PNC Financial Services Group in Pittsburgh has agreed to use Ripple’s blockchain technology to process international payments, joining other large banking companies that have allied with the tech firm in the quest to speed up money transfers.
The $369 billion-asset PNC will join Ripple’s distributed-ledger-based network, RippleNet, to exchange payment instructions for banks, Chris Ward, head of product at PNC Treasury Management, said in an email Wednesday. PNC will go live with the service some time next quarter. Financial terms between PNC and Ripple were not disclosed.
Bank of America, American Express, Banco Santander and Credit Agricole are among the companies that already use RippleNet.
It is the “first production usage” by PNC of blockchain-related technologies, Ward said.
“As the global economy becomes increasingly digital, the need for real-time payments globally is critical,” Ward said in a news release, also issued Wednesday. “We are focused on providing our clients with capabilities that enable making secure digital payments in an instant, whether they are sent across the street or across the world.”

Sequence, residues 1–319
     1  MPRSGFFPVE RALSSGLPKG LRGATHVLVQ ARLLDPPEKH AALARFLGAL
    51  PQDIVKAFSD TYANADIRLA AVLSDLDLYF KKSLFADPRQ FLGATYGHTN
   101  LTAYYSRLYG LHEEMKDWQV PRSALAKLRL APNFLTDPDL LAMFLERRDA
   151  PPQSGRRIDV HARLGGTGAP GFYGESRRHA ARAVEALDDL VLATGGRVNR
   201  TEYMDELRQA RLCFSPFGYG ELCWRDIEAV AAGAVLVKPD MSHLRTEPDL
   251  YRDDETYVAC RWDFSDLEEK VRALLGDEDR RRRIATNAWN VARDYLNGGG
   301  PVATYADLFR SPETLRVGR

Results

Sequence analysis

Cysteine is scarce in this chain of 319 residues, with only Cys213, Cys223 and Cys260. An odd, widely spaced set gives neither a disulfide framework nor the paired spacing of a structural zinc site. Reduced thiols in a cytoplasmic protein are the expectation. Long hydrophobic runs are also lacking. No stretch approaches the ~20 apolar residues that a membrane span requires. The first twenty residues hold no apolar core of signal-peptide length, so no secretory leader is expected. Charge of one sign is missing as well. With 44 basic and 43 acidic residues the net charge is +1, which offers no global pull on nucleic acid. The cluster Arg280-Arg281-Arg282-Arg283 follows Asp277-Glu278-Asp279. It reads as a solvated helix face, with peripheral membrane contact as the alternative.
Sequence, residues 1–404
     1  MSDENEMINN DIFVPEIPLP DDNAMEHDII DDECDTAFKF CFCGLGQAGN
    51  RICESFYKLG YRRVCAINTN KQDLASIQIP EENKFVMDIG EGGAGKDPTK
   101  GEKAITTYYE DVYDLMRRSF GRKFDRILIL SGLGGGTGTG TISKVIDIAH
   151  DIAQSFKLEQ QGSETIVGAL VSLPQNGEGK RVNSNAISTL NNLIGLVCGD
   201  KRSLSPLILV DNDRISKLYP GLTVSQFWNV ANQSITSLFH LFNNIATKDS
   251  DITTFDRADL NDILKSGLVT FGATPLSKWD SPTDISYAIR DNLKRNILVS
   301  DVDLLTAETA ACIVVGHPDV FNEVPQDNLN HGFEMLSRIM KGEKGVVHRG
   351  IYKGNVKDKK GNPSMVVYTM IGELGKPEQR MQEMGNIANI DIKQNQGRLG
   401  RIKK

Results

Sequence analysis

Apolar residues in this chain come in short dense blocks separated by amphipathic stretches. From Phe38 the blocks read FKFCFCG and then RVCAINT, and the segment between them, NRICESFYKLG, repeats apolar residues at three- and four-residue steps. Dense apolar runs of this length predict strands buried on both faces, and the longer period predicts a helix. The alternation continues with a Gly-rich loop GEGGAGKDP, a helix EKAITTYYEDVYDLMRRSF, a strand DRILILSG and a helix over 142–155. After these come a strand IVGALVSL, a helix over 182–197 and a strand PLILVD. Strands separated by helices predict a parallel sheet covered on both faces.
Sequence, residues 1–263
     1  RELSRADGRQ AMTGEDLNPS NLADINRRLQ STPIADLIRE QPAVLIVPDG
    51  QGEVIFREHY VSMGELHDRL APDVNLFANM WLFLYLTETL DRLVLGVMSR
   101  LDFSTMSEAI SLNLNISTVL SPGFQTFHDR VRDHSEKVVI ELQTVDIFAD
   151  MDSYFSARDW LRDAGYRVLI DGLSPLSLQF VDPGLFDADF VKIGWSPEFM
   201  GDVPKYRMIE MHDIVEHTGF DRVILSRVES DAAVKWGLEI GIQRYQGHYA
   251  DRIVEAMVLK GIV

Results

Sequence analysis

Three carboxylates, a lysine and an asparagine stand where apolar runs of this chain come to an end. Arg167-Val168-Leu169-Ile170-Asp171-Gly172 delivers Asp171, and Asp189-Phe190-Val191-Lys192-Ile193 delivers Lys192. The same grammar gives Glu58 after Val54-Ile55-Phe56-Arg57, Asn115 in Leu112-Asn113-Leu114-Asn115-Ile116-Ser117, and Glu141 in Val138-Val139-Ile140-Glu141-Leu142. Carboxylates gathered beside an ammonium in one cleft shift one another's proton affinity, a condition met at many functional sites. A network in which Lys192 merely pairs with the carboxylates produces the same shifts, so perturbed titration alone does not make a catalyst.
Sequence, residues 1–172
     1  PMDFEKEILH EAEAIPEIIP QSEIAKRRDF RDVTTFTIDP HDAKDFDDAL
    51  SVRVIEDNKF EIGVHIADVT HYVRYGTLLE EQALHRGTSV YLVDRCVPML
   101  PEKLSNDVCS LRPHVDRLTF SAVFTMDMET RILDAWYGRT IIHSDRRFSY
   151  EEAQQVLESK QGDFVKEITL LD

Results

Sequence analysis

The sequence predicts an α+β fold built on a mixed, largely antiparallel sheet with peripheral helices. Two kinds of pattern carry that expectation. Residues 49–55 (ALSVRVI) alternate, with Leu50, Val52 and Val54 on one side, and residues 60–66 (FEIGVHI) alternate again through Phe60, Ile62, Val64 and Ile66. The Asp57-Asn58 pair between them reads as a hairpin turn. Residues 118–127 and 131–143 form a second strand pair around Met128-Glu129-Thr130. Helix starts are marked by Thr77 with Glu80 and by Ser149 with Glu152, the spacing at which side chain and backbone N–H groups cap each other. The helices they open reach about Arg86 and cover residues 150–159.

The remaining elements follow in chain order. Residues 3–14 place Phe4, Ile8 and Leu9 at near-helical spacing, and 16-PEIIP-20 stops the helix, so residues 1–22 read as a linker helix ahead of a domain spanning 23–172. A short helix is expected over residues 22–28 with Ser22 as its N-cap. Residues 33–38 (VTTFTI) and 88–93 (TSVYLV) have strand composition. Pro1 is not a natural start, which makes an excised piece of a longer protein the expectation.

PNC’s commercial clients will be able to receive real-time invoice payments from buyers located outside the U.S., Ripple said.
“For far too long, the technology underlying cross-border payments has been opaque, slow and costly. PNC, as an innovative and forward-thinking institution, understands the promise of emerging technologies like blockchain,” Marcus Treacher, senior vice president of customer success at Ripple, said in the release. “Quite a few payment providers have joined RippleNet recently, so it’s great to see one of the major U.S. banks come on board as well.”
PNC currently processes international payments through its correspondent network. PNC will continue to use that method, in addition to using the Ripple platform, Ward said.